The dates of the nativities in the earliest horoscopes to survive are at the end of the fifth century. The earliest has only been published recently, and it shows a transitional stage in the casting of horoscopes. Instead of recording the positions of planets in relation to the zodiac on the day of the birth, it is constructed around the synodic appearances of the planets surrounding the birth, and even records calendaric and meteorological data. It thus simply applies the sort of data available in the Diaries to an individual's birth, in this case datable to 13 January 410 BCE.
Month Tebetu, the 24th, toward morning of the 25th, year 13 of Darius [II], the child was born. Month Kislimu around the 15th, Mercury behind [=east of] Gemini, first visibility in the east. Month Tebetu: Tebetu 9 solstice; the 26th [last lunar visibility before sunrise]; Month Sabatu: Sabatu dense clouds, around the 2nd Mercury in Capricorn last visibility in the east. Sabatu 14 Venus last visibility in the east in front of Aquarius; the year had an intercalary month Addaru. Month Tasritu, the 22nd, Jupiter 2nd stationary point in front of Aquarius; around month Addaru, the 2nd, last visibility in Pisces. Month Du'uzu, the 30th, Saturn first visibility in Cancer, high and faint; around the 26th [ideal] first visibility; Month Kislimu, the 7th, first stationary point, Month Tebetu the 17th, opposition. [The year had] an intercalary month Addaru.11
As is the case with most Greek horoscopes preserved on papyrus (as opposed to those found in astrological treatises), there is no interpretation. There is the bare minimum of interpretation in the other Babylonian horoscope cast for a birth only a short time later, on 29 April 410 BCE, but here we have for the first time the positions of the planets on the day:
Month [?] Nisan[?], night[?] of the 14th[?]...son of Shumausur, son of Shuma-iddina, descendant of Deke, was born. At that time the Moon was below the horn of the Scorpion, Jupiter in Pisces, Venus in Taurus, Saturn in Cancer, Mars in Gemini. Mercury, which had set [for the last time], was [still]in[visible]. Month Nisan, the 1st [day of which followed the 30th day of the preceding month], [the new crescent having been visible for] 28 [US], [the duration of visibility of the Moon after sunrise on] the 14[?]th was 4,40[?] [US]; the 27th was the-day-when-the-moon-appeared-for-the-last time. [Things?] will be good before you. Month Du'uz, year 12, [ye]ar(?) 8...12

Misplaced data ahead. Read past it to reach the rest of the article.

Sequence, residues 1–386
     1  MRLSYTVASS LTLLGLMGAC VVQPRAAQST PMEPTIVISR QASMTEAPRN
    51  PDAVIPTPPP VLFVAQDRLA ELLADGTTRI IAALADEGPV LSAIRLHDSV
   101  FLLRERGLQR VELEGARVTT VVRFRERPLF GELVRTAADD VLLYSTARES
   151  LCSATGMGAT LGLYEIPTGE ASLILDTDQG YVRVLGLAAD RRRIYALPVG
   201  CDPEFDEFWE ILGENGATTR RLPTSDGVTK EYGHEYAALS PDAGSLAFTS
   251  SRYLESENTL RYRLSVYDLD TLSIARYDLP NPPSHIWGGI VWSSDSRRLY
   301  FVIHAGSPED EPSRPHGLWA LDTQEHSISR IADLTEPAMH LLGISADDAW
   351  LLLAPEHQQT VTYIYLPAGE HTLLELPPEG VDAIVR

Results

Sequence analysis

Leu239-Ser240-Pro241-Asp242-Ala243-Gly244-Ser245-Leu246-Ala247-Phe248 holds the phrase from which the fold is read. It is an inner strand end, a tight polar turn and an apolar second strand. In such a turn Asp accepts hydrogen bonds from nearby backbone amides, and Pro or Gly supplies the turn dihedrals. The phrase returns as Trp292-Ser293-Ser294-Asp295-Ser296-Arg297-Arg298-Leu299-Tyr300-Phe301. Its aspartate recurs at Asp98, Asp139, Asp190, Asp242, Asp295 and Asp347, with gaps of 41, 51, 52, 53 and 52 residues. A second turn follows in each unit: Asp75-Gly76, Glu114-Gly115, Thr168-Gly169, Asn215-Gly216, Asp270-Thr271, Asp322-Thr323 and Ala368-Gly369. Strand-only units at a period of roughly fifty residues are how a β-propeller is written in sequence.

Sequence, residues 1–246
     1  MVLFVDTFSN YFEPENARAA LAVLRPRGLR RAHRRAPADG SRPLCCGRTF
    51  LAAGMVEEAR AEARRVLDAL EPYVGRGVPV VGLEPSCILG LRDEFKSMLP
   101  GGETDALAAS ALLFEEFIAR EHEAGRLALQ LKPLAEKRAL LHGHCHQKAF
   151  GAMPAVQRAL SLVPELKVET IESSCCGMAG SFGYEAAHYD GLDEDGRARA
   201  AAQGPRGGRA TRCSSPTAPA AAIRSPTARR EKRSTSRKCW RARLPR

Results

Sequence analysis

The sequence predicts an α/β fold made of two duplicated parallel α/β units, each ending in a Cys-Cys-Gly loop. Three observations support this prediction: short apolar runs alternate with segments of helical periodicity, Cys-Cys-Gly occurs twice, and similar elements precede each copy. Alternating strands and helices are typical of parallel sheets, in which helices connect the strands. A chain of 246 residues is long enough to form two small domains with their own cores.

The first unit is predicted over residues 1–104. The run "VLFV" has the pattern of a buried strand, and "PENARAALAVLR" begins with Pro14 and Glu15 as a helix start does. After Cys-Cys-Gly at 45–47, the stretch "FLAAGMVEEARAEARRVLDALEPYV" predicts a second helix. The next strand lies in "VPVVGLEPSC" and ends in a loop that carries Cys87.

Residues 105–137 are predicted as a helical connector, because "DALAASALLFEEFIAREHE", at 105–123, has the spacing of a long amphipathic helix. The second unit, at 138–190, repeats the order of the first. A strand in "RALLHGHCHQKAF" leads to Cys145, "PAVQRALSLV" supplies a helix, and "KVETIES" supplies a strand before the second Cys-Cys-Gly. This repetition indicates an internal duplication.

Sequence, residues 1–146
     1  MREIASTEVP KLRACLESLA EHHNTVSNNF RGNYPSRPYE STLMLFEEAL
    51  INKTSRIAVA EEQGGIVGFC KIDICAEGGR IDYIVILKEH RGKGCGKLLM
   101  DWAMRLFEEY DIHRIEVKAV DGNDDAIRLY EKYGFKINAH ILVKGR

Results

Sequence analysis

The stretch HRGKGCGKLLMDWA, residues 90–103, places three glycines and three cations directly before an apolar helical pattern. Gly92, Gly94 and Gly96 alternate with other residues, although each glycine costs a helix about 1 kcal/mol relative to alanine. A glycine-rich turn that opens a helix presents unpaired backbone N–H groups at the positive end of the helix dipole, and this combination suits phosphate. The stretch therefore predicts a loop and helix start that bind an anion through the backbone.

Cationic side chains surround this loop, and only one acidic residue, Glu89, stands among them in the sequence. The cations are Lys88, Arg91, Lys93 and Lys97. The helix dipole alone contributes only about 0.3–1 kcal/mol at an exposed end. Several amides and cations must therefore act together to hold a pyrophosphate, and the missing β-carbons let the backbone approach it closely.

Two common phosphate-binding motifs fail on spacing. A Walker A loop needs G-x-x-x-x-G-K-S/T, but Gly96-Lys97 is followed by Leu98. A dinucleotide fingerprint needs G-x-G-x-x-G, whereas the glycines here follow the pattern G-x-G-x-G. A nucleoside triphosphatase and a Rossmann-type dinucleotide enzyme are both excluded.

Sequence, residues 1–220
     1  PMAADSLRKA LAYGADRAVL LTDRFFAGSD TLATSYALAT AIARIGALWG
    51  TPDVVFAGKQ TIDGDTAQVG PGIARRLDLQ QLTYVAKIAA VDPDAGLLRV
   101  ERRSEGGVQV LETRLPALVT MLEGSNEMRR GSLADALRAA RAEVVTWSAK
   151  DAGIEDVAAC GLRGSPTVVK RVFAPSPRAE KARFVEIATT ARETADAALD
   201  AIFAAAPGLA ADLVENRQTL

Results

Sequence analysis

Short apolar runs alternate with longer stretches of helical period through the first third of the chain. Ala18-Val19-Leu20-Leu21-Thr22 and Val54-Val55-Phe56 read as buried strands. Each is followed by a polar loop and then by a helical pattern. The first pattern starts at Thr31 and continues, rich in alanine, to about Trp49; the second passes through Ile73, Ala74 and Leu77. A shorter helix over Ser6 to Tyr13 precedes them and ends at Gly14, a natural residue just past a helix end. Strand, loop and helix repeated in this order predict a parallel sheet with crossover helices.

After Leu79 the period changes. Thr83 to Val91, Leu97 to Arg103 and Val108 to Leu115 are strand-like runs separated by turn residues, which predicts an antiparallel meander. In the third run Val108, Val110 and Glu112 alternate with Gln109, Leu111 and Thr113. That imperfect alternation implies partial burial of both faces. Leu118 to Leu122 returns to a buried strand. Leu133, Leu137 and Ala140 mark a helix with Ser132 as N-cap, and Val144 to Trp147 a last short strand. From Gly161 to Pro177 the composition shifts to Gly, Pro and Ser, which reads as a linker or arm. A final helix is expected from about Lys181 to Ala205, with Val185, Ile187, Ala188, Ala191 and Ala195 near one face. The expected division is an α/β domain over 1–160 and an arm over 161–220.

Since the first horoscope had not been published, the editor of this one doubted the evidence of his computation, since most Babylonian horoscopes could be dated to the period of the Seleucid dynasty which succeeded to this part of Alexander the Great's empire in 312 BCE. Now, however, that a fifth- or early fourth-century date is confirmed, it seems difficult to justify the old view that the Greeks could have invented the casting of nativities. Certainly in Babylon the conditions were ideal for such a practice to be started, since, as we have seen, there had long been an active pursuit of a system for predicting the future from celestial events, there had equally long been systems for producing predictions for individuals, and the zodiac had recently been invented. Moreover, the earliest surviving Greek horoscope (found in a literary source) was only cast for a birth in 72 BCE (see below).